Jonathon Trelawny, hero of the Cornwall National Anthem

Jonathan Trelawny The hero of the Cornwall's National Anthem - Song of the Western Men.

Sir Jonathan Trelawny (March 24th 1650, Pelynt, Cornwall - July 19th 1721, Chelsea, Middlesex) was Bishop of Bristol, Exeter and Winchester. He was one of the Seven Bishops tried under James II and the hero of the Cornish ballad, The Song of the Western Men, known by the refrain, And shall Trelawny die:

And shall Trelawny die!
And shall Trelawny die!
There's twenty thousand Cornish lads
Will know the reason why.

Born at Pelynt into an old Cornish family, his father, the 2nd Baronet of Trelawne, was a Royalist supporter during the English Civil War. Jonathan Trelawny was ordained a priest in 1676, and in 1685 was appointed Bishop of Bristol.

In 1687, James II, a Roman Catholic, challenged the authority of the Church of England by setting out a Declaration of Indulgence towards Catholics; the following year, he instituted a second Declaration, insisting that it to be read in every church in the land. Seven bishops, including Trelawny, refused to read it. James in retaliation imprisoned the bishops in the Tower.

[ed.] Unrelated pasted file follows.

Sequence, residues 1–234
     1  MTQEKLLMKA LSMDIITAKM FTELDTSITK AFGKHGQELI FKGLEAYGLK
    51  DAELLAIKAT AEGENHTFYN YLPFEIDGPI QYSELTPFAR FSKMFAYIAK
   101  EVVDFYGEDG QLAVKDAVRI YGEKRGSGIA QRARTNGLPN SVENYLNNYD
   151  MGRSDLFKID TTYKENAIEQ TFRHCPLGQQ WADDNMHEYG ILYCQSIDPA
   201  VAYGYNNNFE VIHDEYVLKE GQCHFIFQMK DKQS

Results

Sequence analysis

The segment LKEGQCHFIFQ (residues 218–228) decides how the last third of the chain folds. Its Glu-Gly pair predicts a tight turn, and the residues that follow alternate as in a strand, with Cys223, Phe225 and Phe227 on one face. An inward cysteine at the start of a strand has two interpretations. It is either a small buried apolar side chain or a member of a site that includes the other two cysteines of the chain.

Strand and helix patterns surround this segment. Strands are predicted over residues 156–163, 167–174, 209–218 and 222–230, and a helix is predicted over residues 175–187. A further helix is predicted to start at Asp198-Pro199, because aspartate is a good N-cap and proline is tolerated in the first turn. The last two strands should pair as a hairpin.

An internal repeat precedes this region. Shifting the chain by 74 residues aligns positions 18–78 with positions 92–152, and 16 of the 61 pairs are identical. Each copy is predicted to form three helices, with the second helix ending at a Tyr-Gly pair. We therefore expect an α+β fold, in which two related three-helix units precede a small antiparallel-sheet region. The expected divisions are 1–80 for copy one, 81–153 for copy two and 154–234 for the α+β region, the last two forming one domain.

Fearing a popular demonstration, James had the bishops transported by river to Traitors' Gate in the Tower of London. On 30th June, 1688, the seven bishops were brought before the King's Bench in Westminster Hall and charged with seditious libel. To popular acclaim they were acquitted.When the news reached Cornwall, the church bells of Pelynt rang and the mayor fired the two town cannons.

Soon afterwards, William of Orange, a Protestant, took the throne, and James II fled the country. Trelawny went on to become Bishop of Exeter, and then Bishop of Winchester in 1707 until his death. He was also appointed Prelate of the Order of the Garter

When he died on 21 June 1721 his body was brought back to Pelynt for burial.

In the nineteenth century, R.S. Hawker, vicar of Morwenstow, published The Song of the Western Men, based on the imprisonment of Trelawny and the reaction in Cornwall. The poem was set to music, and is the Cornish Anthem.

Jonathan Trelawny Biography


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